This could be recognized for a job well down, influencing other professionals in your field (with a publication or invited talk), helping clients or customers, or having a broad impact on society.
Compensation – what do you need to get out of this job?
Compensation packages may include base pay, commission, bonuses, health benefits, and more. Are you a risk-taker who can life with the risk of an unstable salary? Examples of unstable salaries are sales position with no base-pay, grant-funded positions, freelance/contract positions, and start-ups. Do you need employee health, dental, or other insurance? That may rule out certain positions.
Drives – What motivates you to get through a difficult task or dreadful days?
In short, what will keep you from quitting this job? The answer may not even lie in your work. Maybe you get through your days knowing you have a weekend to spend with your friends or three weeks of paid vacation? Maybe it is the knowledge that over 95% of your days will end at 5 pm. Work-related examples of drives are the customers you serve or the long-term mission of your employer. Your drives are likely some mixture of personal and professional drivers.
Travel – How much work-related travel would you prefer?
You may see yourself flying from one city to the next, stopping only to sleep at home on rare occasions. Or maybe you see yourself spending less than one week out of the year traveling. Remember, the year has 52 weeks – how many of them would like to spend on the road for your job? Indicate this as a rough percentage from 0% to 100%. You may choose to express this as a range, such as 5-10%.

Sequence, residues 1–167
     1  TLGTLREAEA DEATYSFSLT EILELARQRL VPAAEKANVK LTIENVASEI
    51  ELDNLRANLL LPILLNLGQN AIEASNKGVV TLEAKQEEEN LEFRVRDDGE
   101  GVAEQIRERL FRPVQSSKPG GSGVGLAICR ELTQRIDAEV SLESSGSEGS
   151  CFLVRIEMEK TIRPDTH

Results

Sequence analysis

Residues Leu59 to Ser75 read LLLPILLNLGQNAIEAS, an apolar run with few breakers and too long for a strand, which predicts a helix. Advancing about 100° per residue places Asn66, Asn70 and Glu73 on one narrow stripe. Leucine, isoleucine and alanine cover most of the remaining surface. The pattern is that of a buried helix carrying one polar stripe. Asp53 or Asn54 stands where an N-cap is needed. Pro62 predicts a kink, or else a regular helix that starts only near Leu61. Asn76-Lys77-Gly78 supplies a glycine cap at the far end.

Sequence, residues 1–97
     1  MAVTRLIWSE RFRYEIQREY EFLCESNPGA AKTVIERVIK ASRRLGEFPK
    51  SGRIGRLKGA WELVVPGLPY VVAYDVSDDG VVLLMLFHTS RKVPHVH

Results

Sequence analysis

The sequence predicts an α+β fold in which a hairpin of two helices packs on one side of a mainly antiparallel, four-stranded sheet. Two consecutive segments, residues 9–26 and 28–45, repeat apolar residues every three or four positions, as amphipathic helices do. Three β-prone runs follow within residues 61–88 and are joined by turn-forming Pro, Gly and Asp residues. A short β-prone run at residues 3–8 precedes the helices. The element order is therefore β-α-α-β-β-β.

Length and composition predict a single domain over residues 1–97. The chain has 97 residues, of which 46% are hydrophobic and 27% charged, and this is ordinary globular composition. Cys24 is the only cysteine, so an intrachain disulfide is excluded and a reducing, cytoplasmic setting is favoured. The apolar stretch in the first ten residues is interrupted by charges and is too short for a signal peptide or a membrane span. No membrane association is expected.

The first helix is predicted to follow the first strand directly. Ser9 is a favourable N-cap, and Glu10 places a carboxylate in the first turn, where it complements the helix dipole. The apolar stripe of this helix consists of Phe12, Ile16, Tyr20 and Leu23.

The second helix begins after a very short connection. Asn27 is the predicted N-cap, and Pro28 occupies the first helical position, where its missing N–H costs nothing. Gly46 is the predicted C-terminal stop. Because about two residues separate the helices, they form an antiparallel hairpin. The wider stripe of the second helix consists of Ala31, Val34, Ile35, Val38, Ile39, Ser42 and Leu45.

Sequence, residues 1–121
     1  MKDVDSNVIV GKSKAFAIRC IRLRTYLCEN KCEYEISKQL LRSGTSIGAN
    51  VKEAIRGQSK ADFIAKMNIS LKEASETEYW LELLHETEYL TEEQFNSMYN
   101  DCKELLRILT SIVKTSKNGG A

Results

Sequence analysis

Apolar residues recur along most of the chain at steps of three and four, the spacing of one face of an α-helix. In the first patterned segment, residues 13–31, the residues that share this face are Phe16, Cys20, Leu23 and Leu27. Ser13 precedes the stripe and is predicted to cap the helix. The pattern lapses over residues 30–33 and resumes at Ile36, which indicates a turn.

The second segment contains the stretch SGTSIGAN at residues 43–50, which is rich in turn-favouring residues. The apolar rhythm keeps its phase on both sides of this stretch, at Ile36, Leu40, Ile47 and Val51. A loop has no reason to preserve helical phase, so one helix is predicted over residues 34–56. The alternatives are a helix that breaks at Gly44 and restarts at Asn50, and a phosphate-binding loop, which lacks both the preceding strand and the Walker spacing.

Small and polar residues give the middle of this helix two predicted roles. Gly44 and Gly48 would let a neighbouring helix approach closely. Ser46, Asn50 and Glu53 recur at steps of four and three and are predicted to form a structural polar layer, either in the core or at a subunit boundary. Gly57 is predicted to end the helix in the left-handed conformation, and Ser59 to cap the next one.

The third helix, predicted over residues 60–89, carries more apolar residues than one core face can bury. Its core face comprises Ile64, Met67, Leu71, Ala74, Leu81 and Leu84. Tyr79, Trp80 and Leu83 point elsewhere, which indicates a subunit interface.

Growth – do you require professional development opportunities within your job?
Do you consider your professional growth to the responsibility of your employer or of yourself? Some employers provide generous tuition reimbursement benefits that would allow you to continue your education. Others will encourage employees to seek additional training while on the clock. If you feel that your employer should provide opportunities for your professional growth, be prepared to ask about such opportunities. Otherwise, you might view professional development as your own responsibility, a task that you should perform discretely and after-hours. If so, keep in mind the number of hours your potential employer will expect you to work each week. Now ask yourself, will this work schedule allow you to pursue opportunities for your growth?
Writing Exercise 2: Job Description
After you have completed the summary, use those preferences to craft your ideal job description. Include items for location, daily functions, compensation, and travel.
Keep original versions of your notes and two written documents. You will return to these documents for the next three steps of your job search. Unless you experience a major life event over the course of your job search, I highly discourage you from editing these documents. It is okay to consider a job that will not fulfill one or two of your needs but realizes that this will directly impact your job satisfaction.
Last modified: May 24, 2018